The Unsettled Here and Now

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I’m going to get personal for a minute here.

Sometimes I can be particularly observant of what’s going on around me and also in me. At present it feels like my powers of observation are a little out of whack. And I think this has to do with my increased traffic on social media platforms.

Since the US Presidential election, I’ve delved more deeply into my online engagements. Twitter has become my primary news source as well as my go-to space for a sense of community in troubled times. As incredibly grateful as I feel for the tremendous wealth of good will, necessary political resistance, and human warmth I experience, I also recognize the slow drain on my attentional and emotional resources.

Every day and on every tweet that I raise my #resist flag, I know this is what I must do, at the very least. I have picked a side and it happens to be against the incoming administration and majority aggressively Republican legislature. Even though I am geographically very distant, I experience the sense of dangerous and targeted upheaval on a very personal level. I fear for individuals as well as systems. And as I watch a group of overwhelmingly white, straight, so-called Christian males parade before multiple TV cameras and announce their policy plans, I feel sickened to know how quickly the country will likely find itself flat on its back not knowing how it got there.

I fear for our individual and collective exposure through our very willing and often enthusiastic embrace of digital tools and platforms which offer us convenience, speed, and seemingly unlimited choice. We are, at the same time, in fairly constant danger of becoming hostages of all the data we give away daily. With our clicks and instrumentalized acquiescence, we have created our most sophisticated and unforgiving monsters yet, which still maintain a miraculously rosy veneer of being society’s new great helpers.

All told, I’m feeling a lot of fear.

At my core I am an educator. My dialogues with students provide some of the richest contours to my thinking and doing. I look forward to starting classes soon in order to get grounded again; to be brought back to my core mission of helping students “Get fit, get better, and get along.”  We’ll have conversations about how we include, nurture, challenge and respect each other. They will remind me about the importance of fair play and being kind to one another. They will remind me to keep working on being my best. Perhaps more than at any other time in my teaching career, creating a classroom where fairness, openness and care are built into everything we do is the most important work I can do – for my students and for myself.

 

image: Spelic/@edifiedlistener

Importance Resizing

I started to write a post about my wonderful winter break and how restorative it was for me. How nice.  Then I realized what’s really on my mind is this:  While I was away having my break of breaks from work, from compulsive expository writing, from shallow reading trying to pass as close reading, from competitive scrolling, from toggling between e-mail and twitter notifications to see which one is most up-to-date, I reached this searing conclusion: Twitter does not care if I contribute or lurk, go AWOL or stay glued to my screen.  Twitter did not miss me while I was away. And to my great surprise, I didn’t miss Twitter so much, either.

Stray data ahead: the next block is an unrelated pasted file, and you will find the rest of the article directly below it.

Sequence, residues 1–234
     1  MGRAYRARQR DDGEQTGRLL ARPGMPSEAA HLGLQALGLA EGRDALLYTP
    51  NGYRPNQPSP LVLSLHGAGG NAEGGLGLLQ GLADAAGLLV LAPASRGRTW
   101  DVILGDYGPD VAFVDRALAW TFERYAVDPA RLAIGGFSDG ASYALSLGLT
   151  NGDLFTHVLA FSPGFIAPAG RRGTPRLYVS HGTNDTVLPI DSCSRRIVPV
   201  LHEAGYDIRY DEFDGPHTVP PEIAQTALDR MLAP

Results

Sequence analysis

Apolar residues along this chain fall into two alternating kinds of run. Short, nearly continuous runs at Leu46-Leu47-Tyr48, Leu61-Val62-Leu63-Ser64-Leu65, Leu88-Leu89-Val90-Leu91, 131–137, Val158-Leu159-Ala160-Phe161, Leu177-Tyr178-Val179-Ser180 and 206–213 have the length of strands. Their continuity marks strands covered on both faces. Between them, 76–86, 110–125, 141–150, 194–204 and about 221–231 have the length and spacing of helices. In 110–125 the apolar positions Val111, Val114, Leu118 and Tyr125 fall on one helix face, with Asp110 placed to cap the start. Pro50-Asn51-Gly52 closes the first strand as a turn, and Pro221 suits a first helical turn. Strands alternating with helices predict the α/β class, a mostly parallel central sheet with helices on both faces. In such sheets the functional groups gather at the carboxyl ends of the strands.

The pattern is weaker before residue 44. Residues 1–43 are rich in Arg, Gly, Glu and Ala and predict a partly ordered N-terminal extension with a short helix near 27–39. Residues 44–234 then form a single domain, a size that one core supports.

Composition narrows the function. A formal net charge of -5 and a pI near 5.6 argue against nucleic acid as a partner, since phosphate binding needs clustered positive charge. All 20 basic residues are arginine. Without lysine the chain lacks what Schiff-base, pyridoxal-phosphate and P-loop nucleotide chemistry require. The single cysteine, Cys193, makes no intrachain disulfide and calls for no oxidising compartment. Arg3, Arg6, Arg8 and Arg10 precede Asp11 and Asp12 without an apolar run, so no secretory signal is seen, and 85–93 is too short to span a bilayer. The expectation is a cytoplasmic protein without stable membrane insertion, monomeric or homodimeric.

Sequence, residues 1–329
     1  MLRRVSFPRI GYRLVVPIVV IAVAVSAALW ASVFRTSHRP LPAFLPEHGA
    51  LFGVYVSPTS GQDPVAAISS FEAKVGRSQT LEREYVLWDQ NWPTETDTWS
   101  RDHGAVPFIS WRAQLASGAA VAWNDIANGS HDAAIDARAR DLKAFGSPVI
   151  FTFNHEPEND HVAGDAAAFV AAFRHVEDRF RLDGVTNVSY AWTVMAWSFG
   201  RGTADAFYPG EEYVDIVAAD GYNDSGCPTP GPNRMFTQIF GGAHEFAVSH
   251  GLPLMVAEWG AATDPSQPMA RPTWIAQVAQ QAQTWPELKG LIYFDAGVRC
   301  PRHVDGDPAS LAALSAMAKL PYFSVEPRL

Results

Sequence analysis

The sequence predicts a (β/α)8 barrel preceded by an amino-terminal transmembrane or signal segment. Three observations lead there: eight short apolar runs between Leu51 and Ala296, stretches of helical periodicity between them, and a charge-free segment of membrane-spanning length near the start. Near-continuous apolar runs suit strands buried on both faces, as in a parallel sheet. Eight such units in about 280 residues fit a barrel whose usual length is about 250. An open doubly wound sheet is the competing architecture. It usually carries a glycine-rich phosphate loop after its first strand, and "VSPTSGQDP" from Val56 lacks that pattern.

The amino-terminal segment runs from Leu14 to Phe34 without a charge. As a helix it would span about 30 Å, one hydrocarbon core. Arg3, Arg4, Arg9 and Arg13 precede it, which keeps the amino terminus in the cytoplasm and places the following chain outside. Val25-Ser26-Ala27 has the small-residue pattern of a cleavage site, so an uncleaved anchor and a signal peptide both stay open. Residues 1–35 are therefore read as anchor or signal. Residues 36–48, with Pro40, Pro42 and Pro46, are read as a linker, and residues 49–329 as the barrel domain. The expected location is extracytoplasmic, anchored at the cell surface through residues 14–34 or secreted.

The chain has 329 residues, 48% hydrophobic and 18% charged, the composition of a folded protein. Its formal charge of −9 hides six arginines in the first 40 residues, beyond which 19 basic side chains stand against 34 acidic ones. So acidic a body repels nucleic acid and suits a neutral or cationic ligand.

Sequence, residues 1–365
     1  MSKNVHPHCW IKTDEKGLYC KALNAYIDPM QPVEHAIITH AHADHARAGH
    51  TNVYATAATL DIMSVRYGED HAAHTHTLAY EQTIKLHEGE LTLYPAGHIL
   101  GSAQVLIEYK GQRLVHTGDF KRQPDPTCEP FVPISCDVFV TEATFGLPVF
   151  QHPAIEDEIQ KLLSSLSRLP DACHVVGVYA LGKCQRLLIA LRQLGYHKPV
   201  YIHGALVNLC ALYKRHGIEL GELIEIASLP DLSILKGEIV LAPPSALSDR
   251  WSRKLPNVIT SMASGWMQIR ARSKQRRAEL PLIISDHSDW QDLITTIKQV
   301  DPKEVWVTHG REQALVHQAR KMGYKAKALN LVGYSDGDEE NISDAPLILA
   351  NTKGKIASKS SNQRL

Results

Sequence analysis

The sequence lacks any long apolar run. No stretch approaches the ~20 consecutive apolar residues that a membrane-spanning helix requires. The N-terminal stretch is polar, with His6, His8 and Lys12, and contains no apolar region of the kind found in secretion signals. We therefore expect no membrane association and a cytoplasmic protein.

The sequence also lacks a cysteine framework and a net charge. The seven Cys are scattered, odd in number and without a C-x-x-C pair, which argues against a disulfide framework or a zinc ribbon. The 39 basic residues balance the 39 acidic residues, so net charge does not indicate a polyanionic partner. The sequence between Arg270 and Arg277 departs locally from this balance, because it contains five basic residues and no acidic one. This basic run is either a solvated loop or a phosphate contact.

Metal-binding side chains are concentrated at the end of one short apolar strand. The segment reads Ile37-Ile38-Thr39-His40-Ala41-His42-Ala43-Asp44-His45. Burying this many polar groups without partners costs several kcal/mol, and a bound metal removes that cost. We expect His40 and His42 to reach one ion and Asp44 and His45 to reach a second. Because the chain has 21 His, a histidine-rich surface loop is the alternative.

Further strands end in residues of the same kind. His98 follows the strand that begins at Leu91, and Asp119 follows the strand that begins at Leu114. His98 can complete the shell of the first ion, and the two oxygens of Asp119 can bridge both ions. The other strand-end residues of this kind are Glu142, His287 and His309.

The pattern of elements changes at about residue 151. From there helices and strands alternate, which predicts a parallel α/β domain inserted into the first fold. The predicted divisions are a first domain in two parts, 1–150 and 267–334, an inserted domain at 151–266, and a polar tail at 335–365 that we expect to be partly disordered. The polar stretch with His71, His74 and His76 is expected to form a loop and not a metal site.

Let me be clear, I am not talking about a digital detox or full scale time out. I had internet access most of the time. However, being away from home and from my laptop and my typical online habits, I regained a distance to my work and my sense of self-importance. Because, let’s be honest, social media can be an amazing tool to help you inflate your sense of self-importance to improbable magnitudes. Not just your followers, but their followers and their followers’ followers – all have the potential to be touched by that clever witticism you tweeted that got retweeted 3 or even 5 times – now that’s reach!  My point here is that being away from the steady shower of critical thinkpieces, longreads, pithy commentary and swift actionable tips helped me appreciate that the parts of social media that I value can be enjoyed in smaller, more targeted doses.

I can also see that life’s other occupations: making good on my speedskating intentions, playing card and board games with friends and family, crocheting until the cows come home (looking for a new scarf), solving puzzles, staring out the window, taking pictures of fog – these are precisely the luxuries that social media cannot provide. They are the tangibles which in my case yielded significant intangibles: rest, recuperation, relaxation, renewal.

The ice, the fog, the peace...

The ice, the fog, the peace…

Social media has plenty to offer me and others. And this organic time-out helped me put things back into perspective. I have some thoughts to share. I look forward to continuing and expanding my learning with and from so many others. But I think I’ll be happier in the process if I leave behind the need to create and be a brand. I am not a commodity. My voice is not here to sell or be sold.  How much I share, in which intensity and tone, will vary. I don’t know exactly who my audience is or will be and that’s okay. I know what I want to write about, what I need and want to say and if that resonates with one or two or fifty folks, then great.

Being away from the keyboard gave me pause, both literal and figurative. And in that time I certainly did a more thorough appraisal of possible exit strategies than ever. Deciding to be here (or not be here) is always a choice.

Photo: Spelic 2015